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Israel and Hamas agree to a 72-hour cease-fire

By Ali Younes, Ashley Fantz and Samira Said CNN
updated 1:26 AM EDT, Mon August 11, 2014
STORY HIGHLIGHTS
  • NEW: The new cease-fire started at midnight local time (5 p.m. ET Sunday)
  • NEW: Both sides are expected back at the negotiating table in Cairo
  • At least 1,939 people in Gaza have been killed since the conflict began

Gaza City (CNN) -- An uneasy, but welcome, calm descended on Gaza and Israel late Sunday with the start of a 72-hour cease-fire.

The temporary calm would allow for negotiations between Israelis and Palestinians, Egyptian Foreign Ministry spokesman Bader Abdelatty told CNN. Senior Hamas official Izzat Risheq told CNN that Palestinians agreed to the cease-fire, adding that this would be the last time Palestinians are willing to participate in negotiations.

Egypt had earlier asked both sides to resume the cease-fire at midnight local time (5 p.m. ET Sunday) so that they can resume indirect talks in Cairo, as well as to allow for humanitarian help to get to the victims of the fighting, Abdelatty said.

Israel has resisted in-depth talks as long as Gaza rockets continue to head toward its territory.

The rockets have been met with Israeli airstrikes in recent days, dimming hopes of a cease-fire in the Israeli-Gaza conflict that has raged for more than a month.

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Israeli negotiators left talks last week. On Sunday, Defense Minister Moshe Ya'alon said they would not return until rockets from Gaza stop. "We will not negotiate under fire," he said.

However, in anticipation of cease-fire sticking, Israel will send a delegation to Cairo on Monday, according to a source who spoke on the condition of anonymity.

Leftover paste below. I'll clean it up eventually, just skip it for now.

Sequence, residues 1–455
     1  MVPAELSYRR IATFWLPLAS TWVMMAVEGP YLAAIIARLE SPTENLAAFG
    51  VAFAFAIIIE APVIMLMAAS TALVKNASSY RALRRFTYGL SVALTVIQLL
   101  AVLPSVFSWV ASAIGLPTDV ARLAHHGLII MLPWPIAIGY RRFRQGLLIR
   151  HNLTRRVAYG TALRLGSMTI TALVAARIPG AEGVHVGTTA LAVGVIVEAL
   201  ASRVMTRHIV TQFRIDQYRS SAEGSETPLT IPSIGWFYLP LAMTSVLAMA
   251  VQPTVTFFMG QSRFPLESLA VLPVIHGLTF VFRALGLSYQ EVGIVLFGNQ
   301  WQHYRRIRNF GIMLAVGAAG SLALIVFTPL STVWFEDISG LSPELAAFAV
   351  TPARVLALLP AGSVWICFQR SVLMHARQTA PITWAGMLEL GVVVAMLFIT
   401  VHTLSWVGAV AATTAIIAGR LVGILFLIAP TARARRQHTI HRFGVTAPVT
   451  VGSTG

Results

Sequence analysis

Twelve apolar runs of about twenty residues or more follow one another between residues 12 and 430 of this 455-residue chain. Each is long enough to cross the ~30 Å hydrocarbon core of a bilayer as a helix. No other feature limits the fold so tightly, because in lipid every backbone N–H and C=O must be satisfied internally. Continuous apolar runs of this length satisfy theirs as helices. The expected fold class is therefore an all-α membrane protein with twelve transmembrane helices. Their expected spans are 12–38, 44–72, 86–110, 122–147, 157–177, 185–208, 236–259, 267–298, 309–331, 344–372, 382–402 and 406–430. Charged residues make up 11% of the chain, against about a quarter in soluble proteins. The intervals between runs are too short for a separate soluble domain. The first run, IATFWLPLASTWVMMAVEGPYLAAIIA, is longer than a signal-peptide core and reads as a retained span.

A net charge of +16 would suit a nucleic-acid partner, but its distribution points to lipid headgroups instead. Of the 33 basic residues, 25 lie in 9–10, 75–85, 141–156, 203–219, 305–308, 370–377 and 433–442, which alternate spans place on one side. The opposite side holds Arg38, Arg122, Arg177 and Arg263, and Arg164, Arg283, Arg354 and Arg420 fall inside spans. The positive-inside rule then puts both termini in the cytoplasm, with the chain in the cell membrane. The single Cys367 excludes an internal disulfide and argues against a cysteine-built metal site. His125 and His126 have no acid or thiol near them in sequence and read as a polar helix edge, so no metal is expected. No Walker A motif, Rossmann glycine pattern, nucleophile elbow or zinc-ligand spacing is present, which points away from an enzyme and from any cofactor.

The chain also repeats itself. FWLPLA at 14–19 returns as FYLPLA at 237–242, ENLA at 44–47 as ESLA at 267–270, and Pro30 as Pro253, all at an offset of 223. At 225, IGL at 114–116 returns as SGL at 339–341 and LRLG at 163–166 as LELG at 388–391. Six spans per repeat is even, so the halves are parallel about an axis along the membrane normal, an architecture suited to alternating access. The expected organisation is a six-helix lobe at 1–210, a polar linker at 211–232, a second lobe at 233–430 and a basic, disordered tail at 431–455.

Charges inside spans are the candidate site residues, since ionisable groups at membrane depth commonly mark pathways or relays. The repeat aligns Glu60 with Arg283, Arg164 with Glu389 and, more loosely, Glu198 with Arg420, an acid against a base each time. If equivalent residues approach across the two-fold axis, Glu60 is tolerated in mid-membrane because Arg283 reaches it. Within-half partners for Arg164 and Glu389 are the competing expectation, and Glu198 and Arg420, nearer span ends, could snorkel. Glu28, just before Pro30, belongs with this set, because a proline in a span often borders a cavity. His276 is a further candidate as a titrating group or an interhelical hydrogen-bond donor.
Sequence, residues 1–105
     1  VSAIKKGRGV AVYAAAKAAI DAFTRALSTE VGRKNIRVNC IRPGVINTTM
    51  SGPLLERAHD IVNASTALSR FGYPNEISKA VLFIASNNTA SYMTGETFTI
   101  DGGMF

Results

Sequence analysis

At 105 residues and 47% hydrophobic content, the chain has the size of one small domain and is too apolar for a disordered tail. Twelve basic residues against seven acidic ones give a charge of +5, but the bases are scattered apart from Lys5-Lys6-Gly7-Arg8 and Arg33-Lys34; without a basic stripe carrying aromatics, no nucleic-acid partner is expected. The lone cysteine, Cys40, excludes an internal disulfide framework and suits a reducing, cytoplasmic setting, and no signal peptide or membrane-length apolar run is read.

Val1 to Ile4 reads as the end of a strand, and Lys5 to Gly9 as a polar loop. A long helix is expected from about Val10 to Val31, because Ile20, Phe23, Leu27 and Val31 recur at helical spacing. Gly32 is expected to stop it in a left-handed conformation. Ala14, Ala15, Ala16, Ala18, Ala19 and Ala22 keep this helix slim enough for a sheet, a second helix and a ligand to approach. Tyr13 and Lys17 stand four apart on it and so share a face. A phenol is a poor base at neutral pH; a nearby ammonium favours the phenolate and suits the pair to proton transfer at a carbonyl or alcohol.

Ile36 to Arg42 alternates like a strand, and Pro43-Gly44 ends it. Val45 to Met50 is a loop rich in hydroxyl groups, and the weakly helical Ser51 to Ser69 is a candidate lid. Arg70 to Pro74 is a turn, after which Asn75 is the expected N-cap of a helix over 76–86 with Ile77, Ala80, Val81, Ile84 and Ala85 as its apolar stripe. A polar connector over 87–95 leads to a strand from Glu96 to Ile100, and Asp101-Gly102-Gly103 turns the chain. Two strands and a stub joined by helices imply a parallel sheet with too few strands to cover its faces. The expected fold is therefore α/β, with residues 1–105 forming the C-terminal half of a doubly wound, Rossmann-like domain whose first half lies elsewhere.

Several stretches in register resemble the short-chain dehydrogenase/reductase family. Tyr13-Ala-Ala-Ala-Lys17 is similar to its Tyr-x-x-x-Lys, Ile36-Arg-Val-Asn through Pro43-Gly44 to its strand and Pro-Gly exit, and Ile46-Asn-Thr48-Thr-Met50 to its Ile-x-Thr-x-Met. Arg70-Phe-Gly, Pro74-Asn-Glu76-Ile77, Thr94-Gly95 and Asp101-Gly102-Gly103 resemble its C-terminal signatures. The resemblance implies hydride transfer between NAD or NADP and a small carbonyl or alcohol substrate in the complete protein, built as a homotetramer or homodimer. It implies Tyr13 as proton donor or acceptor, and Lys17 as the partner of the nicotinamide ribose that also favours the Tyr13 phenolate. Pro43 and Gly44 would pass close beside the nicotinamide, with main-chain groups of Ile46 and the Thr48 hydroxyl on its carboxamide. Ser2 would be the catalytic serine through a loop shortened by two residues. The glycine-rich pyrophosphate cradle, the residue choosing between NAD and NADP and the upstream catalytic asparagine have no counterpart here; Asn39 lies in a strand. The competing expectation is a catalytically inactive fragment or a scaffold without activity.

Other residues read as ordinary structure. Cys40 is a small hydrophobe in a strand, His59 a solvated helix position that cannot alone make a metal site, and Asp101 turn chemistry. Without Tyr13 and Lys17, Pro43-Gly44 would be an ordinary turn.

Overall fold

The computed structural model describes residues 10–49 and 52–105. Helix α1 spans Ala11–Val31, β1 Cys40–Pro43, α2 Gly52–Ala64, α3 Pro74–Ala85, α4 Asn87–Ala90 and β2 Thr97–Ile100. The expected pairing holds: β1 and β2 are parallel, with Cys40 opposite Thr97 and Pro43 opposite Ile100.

Palestinians said an Israeli no-show means they are walking away, too.

"If the Israelis do not come, we will leave to consult with our leadership," said Risheq, who is a member of the Palestinian negotiation team. "We gave our demands to the Egyptian delegation seven days ago. We have not have received any official response yet."

Hamas, the Islamic militant group and political party that controls Gaza, has said it will not settle.

"We will not return to the status quo," it said in a statement on its website. "The resistance will continue in all its strength, and we will not stop pushing for our people's demands."

The Egyptian Foreign Ministry, which brokered recent talks, has said the parties had reached an agreement on most issues. Those not agreed upon were few and limited, the ministry said in a statement.

History of deadlock

Still, there's too much history between the two sides, and an agreement on some issues will not necessarily lead to a grander breakthrough.

Palestinians have asked for Israel to lift its blockade on Gaza and to reopen the air and seaports, a negotiator who spoke on condition of anonymity said. Israeli authorities fear Hamas could import weapons by sea and maintains a ship blockade off Gaza's shores.

Palestinians also wanted Israel to extend Gaza's fishing zone in the Mediterranean from three miles off the coast to 20. Fishing is a keystone of Gazan livelihoods. But Israel was willing to extend fishing rights to only six miles off the coast, said Hamas spokesman Sami Abu Zuhri.